The Groundwork Jacksonville Green Team Youth Corps recently debuted “The 400 Project – Honoring the Enslaved Voices of Kingsley Plantation” at the annual Kingsley Heritage Celebration. The virtual event, held on Saturday, Feb. 20 and Saturday, Feb. 27, celebrated African heritage and honored the enslaved that lived at Kingsley Plantation located within Timucuan Ecological and Historic Preserve (TIMU). The National Park Service and nonprofits Groundwork Jacksonville, Timucuan Parks Foundation (TPF), and Jacksonville Arts and Music School (JAMS) worked together to develop the project as part of the Groundwork Green Team Youth Corps’ program. Watch the Green Team’s reflection video
Over the summer, the teens worked with TIMU rangers on a program to commemorate 400 years since Africans were brought to the English colonies to be enslaved. The youth worked with Jacksonville Public Library staff to learn research techniques. They also gained special insight on Kingsley’s heritage from descendant Peri Frances Betsch. The teens then utilized their creativity to tell the story of Kingsley Plantation through the voices of six individuals who were enslaved there. They wrote and recorded two simulated radio shows – one featuring mock interviews with historic African Americans who were enslaved at Kingsley Plantation and the other, a radio variety show, featuring music, poetry, and interviews. Listen to “The Morning Show” here.
During the fall and spring, the Green Team worked with young artists from JAMS to animate the radio programs. Together, they created illustrations to visualize each radio show, including commercials from fictitious sponsors. Listen to “The Convo” show here.
“This was originally going to be a live presentation at the annual Kingsley Heritage Celebration but the pandemic changed those plans,” said Shanell Davis-Bryant, program manager for Groundwork Jacksonville. “We worked together with our partners to shift the project to a virtual format, and the teens developed the idea of creating a two-part radio show and then an animatic. They combined their learning with their creativity to tell the stories of Kingsley Plantation.”
”Helping young people discover, connect with, and transform these stories enriches everyone’s understanding of the unfolding legacy of enslavement. Their perspective brings something new that we are truly excited to share at the Kingsley Heritage Celebration,” said Emily Palmer, park ranger, National Park Service.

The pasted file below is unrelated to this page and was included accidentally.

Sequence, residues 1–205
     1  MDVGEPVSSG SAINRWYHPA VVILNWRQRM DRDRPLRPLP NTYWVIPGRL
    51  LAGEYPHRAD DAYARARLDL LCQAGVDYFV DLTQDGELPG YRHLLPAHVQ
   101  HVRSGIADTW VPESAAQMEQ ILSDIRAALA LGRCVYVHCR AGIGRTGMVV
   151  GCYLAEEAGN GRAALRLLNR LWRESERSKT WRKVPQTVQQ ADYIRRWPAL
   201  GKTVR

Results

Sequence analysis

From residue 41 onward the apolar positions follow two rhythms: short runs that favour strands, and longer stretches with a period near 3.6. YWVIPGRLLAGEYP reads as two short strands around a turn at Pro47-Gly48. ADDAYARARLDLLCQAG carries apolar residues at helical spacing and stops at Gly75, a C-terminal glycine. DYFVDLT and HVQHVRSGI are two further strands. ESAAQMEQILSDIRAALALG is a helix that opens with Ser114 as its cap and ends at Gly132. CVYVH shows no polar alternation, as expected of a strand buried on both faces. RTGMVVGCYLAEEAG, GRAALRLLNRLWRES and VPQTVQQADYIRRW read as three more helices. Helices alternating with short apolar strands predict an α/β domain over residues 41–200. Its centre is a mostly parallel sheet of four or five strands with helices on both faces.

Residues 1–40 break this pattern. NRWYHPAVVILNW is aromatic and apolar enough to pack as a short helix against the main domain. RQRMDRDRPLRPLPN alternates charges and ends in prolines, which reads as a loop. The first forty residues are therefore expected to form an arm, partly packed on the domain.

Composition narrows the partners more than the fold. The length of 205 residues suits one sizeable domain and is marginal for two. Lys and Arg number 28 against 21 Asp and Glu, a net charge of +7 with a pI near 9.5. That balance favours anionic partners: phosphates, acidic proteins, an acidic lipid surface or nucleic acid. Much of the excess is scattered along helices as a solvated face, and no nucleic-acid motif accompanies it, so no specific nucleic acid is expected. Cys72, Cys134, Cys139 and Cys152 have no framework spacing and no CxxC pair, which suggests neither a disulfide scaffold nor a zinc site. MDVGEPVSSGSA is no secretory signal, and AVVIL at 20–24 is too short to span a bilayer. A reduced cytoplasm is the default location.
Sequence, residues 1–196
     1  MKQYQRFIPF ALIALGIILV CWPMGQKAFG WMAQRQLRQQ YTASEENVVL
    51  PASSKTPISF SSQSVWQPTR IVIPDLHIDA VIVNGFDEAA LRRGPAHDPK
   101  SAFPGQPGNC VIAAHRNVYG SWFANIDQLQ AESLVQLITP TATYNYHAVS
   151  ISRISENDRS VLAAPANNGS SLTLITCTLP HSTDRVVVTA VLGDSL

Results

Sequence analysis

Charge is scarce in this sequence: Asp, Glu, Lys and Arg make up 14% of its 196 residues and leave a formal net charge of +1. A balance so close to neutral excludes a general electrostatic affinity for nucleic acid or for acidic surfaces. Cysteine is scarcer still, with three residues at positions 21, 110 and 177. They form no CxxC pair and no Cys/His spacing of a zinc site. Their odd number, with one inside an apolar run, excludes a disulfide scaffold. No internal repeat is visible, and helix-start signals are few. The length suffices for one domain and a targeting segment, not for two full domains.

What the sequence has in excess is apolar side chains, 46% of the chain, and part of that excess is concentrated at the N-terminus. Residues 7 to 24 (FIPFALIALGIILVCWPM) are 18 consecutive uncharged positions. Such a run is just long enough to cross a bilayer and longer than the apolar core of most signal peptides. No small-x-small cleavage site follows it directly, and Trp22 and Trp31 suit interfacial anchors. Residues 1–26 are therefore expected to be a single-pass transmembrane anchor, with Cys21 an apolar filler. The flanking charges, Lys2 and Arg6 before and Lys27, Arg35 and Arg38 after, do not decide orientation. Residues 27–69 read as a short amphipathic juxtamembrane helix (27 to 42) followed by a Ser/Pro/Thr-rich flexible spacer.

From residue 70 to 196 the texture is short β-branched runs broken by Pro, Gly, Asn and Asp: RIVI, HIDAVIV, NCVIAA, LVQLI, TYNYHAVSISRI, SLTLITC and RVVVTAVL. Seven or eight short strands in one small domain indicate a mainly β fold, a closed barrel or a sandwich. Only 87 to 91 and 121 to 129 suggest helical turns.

Timucuan Parks Foundation works with their park partners, including TIMU, the city, and the state to introduce the group to Jacksonville’s “wilderness” parks, where the youth can engage in healthy outdoor recreation and service-learning projects, including kayaking, hiking, learning about Jacksonville’s natural resources and history, and assisting with watershed cleanups and other resiliency projects.
“This summer, in addition to the 400 project, TPF and our partners and volunteers hosted the teens for kayaking and swimming in Timucuan Preserve, a nature hike at Dutton Island Preserve followed by fishing and outdoor cooking, and an audio tour and shoreline cleanup at Kingsley Plantation,” said Felicia Boyd, TPF outreach and program director. “We are always excited to introduce the next generation of stewards to the rich history, natural beauty, and resiliency of Jacksonville’s parks and preserves.”
TPF secured grants that helped fund the summer program and the audio-visual project, including funding from the 400 Years of African American History Commission, the National Environmental Education Foundation, and a National Park Service Challenge Grant.